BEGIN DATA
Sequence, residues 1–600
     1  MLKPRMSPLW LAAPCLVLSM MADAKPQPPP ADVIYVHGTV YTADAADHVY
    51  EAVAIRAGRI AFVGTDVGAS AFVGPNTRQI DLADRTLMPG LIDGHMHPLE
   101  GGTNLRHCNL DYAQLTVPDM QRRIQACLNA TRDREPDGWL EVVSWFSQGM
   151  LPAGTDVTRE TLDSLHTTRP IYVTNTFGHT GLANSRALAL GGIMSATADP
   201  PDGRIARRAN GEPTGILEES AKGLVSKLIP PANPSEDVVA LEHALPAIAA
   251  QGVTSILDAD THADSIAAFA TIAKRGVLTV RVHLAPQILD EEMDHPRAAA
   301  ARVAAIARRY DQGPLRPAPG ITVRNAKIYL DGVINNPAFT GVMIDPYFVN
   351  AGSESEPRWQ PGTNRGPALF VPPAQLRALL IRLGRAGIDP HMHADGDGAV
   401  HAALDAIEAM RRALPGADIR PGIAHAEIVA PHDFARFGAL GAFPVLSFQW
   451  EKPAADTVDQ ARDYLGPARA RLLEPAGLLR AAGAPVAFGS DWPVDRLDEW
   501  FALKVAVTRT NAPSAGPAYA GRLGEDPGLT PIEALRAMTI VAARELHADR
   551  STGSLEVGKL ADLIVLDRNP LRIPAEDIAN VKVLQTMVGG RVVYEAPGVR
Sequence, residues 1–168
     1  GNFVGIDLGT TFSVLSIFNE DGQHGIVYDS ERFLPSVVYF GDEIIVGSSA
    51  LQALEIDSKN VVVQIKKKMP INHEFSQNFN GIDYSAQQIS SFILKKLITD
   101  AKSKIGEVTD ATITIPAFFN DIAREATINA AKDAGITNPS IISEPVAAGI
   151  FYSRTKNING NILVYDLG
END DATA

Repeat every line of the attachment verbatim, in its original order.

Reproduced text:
Sequence, residues 1–600
     1  MLKPRMSPLW LAAPCLVLSM MADAKPQPPP ADVIYVHGTV YTADAADHVY
    51  EAVAIRAGRI AFVGTDVGAS AFVGPNTRQI DLADRTLMPG LIDGHMHPLE
   101  GGTNLRHCNL DYAQLTVPDM QRRIQACLNA TRDREPDGWL EVVSWFSQGM
   151  LPAGTDVTRE TLDSLHTTRP IYVTNTFGHT GLANSRALAL GGIMSATADP
   201  PDGRIARRAN GEPTGILEES AKGLVSKLIP PANPSEDVVA LEHALPAIAA
   251  QGVTSILDAD THADSIAAFA TIAKRGVLTV RVHLAPQILD EEMDHPRAAA
   301  ARVAAIARRY DQGPLRPAPG ITVRNAKIYL DGVINNPAFT GVMIDPYFVN
   351  AGSESEPRWQ PGTNRGPALF VPPAQLRALL IRLGRAGIDP HMHADGDGAV
   401  HAALDAIEAM RRALPGADIR PGIAHAEIVA PHDFARFGAL GAFPVLSFQW
   451  EKPAADTVDQ ARDYLGPARA RLLEPAGLLR AAGAPVAFGS DWPVDRLDEW
   501  FALKVAVTRT NAPSAGPAYA GRLGEDPGLT PIEALRAMTI VAARELHADR
   551  STGSLEVGKL ADLIVLDRNP LRIPAEDIAN VKVLQTMVGG RVVYEAPGVR
Sequence, residues 1–168
     1  GNFVGIDLGT TFSVLSIFNE DGQHGIVYDS ERFLPSVVYF GDEIIVGSSA
    51  LQALEIDSKN VVVQIKKKMP INHEFSQNFN GIDYSAQQIS SFILKKLITD
   101  AKSKIGEVTD ATITIPAFFN DIAREATINA AKDAGITNPS IISEPVAAGI
   151  FYSRTKNING NILVYDLG